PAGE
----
The Sunday Times recently ran a piece on ‘emotional labour’ and here at Evolve Family Law that sparked a debate about what emotional labour is and to what extent it plays a part in UK divorce proceedings. If you aren’t sure what emotional labour is and how it could affect your divorce proceedings then read on.

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Manchester and Cheshire based Evolve Family Law solicitors specialise in family law and divorce proceedings. If you need advice about any aspect of family law call Evolve Family Law on 0345 222 8 222 or complete our online enquiry form to set up a video conference or telephone appointment.

What is Emotional Labour?

Apparently the term ’emotional labour’ first began to be used back in 1983 to describe repressed feelings and emotions at work. Whilst we may not have head of the term we have all bitten back a sharp comment or retort to a work colleague at one point or other, knowing that a sarcastic reply won’t help with the need to work together. Fast forward to 2020, and the term emotional labour is now being used in the home environment. I am sure all of you will have suppressed your first thoughts and replies when asked about whether you want the bins taken out, the dishwasher emptied or what time the meal will be ready for as your other half has plans for the evening (that don’t include you).

 

Emotional labour isn’t just about suppressing your first response to your partner when asked if you want the dishwasher emptied when there are no clean cups or plates in the cupboard and you have just come off a ten hour shift with your other half and the children looking expectantly for their evening meal. It is also about all the other things in a relationship that can quietly drive you crazy as you feel obliged to hide your true feelings for the sake of your partner’s feelings and/or the children’s feelings. Examples include:

  • Having to have the mother in law to Sunday dinner each week when she clearly can’t stand you and never reciprocates with an invitation back
  • Always having to select the children’s birthday presents but not say anything when the children assume that the present was chosen jointly
  • Taking sole responsibility for taking the children to rugby practice when you can’t stand sport or the biting wind, and would also much prefer a Sunday lie in (like your partner) having worked hard all week and not being the parent who’d encouraged the child to try for a place in the rugby team in the first place.

 

Do any of those examples ring true in your relationship? Manchester divorce solicitors say that it is often only when the decision to separate has been made that either a husband or wife will realise and acknowledge that they are doing the work of two people in the relationship.

 

Does Emotional Labour Lead to Divorce Proceedings?

Whilst you don’t currently hear husband or wife’s saying that they are getting divorced because of ‘emotional labour’, it is undoubtedly the case that emotional labour is behind some marriage breakdowns and the commencement of divorce proceedings based on the unreasonable behaviour of either a husband or wife.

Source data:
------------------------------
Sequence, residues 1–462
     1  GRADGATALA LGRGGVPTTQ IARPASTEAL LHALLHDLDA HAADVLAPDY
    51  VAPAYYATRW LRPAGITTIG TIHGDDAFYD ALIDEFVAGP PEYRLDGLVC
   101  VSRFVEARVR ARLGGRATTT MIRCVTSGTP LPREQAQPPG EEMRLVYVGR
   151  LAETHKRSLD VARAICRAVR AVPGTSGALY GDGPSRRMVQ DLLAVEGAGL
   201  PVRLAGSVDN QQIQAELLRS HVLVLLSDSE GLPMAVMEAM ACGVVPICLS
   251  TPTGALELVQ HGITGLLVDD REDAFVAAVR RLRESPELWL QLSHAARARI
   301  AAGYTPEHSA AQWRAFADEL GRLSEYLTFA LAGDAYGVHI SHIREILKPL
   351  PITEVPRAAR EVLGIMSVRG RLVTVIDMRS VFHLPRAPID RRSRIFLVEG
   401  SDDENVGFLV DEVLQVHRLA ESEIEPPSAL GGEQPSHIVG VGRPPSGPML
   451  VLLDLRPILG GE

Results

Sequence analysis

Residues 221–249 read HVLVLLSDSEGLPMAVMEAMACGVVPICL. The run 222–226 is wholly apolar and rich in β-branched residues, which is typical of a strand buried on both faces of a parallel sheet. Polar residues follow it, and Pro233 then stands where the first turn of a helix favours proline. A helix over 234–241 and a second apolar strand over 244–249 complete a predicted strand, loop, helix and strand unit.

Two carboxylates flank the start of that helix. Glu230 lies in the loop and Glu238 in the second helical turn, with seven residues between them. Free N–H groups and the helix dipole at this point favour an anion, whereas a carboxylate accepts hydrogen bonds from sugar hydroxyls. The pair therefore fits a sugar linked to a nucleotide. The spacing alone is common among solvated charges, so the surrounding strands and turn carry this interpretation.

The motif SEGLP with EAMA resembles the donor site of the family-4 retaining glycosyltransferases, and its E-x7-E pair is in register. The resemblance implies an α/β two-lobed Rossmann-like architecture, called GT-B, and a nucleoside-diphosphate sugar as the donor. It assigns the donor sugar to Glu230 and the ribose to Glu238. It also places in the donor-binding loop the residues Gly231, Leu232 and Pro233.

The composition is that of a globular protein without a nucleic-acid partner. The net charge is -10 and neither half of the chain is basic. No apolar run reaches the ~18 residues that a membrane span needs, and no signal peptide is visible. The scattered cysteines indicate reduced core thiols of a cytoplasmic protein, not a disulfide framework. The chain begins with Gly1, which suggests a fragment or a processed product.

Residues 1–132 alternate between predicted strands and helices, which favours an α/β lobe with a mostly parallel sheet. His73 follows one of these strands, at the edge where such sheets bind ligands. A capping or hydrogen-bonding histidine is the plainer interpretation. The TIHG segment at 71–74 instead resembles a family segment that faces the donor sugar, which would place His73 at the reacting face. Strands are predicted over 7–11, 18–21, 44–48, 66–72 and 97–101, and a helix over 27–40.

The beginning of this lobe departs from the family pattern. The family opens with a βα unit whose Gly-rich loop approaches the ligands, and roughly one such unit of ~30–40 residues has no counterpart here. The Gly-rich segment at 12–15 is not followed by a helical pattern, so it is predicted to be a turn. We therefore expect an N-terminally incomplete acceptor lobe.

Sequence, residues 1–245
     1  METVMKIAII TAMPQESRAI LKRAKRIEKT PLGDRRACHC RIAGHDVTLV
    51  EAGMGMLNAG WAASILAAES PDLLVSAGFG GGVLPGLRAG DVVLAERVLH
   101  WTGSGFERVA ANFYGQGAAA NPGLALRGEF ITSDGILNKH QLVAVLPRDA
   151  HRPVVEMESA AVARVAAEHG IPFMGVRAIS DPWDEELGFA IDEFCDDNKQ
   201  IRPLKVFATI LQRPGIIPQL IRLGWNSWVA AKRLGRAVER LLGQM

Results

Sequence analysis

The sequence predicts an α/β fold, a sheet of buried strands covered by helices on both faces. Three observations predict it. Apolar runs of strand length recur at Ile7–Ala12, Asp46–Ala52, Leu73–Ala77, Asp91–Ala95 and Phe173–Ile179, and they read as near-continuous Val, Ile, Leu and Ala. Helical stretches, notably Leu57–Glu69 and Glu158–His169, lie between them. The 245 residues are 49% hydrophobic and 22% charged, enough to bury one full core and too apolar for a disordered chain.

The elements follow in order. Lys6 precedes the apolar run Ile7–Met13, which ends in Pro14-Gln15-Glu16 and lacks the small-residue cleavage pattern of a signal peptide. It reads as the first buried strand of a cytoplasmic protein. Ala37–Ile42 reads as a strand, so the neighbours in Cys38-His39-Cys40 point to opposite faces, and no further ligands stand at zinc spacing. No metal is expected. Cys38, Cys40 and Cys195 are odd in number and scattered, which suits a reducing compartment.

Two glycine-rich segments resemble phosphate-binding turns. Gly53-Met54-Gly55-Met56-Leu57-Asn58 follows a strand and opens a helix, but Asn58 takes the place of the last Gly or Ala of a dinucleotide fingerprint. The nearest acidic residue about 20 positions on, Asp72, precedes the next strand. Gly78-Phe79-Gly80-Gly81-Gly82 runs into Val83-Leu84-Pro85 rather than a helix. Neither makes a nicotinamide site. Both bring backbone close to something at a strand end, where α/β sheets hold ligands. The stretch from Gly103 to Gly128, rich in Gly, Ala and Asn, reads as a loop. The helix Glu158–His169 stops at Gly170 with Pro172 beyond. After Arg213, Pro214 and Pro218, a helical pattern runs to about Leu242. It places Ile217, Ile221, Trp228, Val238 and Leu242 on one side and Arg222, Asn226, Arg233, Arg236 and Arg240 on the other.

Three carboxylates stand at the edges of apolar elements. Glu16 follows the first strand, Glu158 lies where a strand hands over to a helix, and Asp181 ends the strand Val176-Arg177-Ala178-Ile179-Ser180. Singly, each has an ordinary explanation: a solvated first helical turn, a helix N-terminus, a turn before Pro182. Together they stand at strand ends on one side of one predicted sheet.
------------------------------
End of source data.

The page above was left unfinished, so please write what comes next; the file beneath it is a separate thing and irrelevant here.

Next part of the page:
Can anything be done to stop emotional labour and the breakdown of a marriage? Divorce lawyers are positive that in the right scenario there is help available such as:

  • Family or couple therapy to discuss how you feel and the need for change
  • Individual therapy to help you accept your husband or wife’s behaviour and the fact that they aren’t likely to change
  • Professional help to ease the load on one partner in the relationship, whether that is a housekeeper, cleaner or au-pair.

 

 If you can’t stop the emotional labour (and can’t live with it) then it may prompt divorce proceedings. The divorce proceedings could be based on your partner’s unreasonable behaviour as, in 2020, it is clear that a relationship needs to be if not an equal division of work and home labour then at least a fair one so one partner doesn’t feel they are hard done by and has to suppress emotional labour as that isn’t healthy for the individual and will eventually lead to the start of divorce proceedings unless the problem can be acknowledged and change occurs.

 

At Evolve Family Law we are grateful to the Sunday Times for giving a name to ‘emotional labour’, something that we are all aware of and with an understanding of just how pernicious the problem can be when you are caught up in a long standing relationship where one partner’s feelings and emotions just don’t count.

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Online and Manchester and Cheshire Divorce Solicitors

Manchester and Cheshire based Evolve Family Law solicitors specialise in family law and divorce proceedings. If you need advice about any aspect of family law, from divorce to your financial settlement or childcare arrangements, call Evolve Family Law on 0345 222 8 222 or complete our online enquiry form to set up a video conference or telephone appointment.

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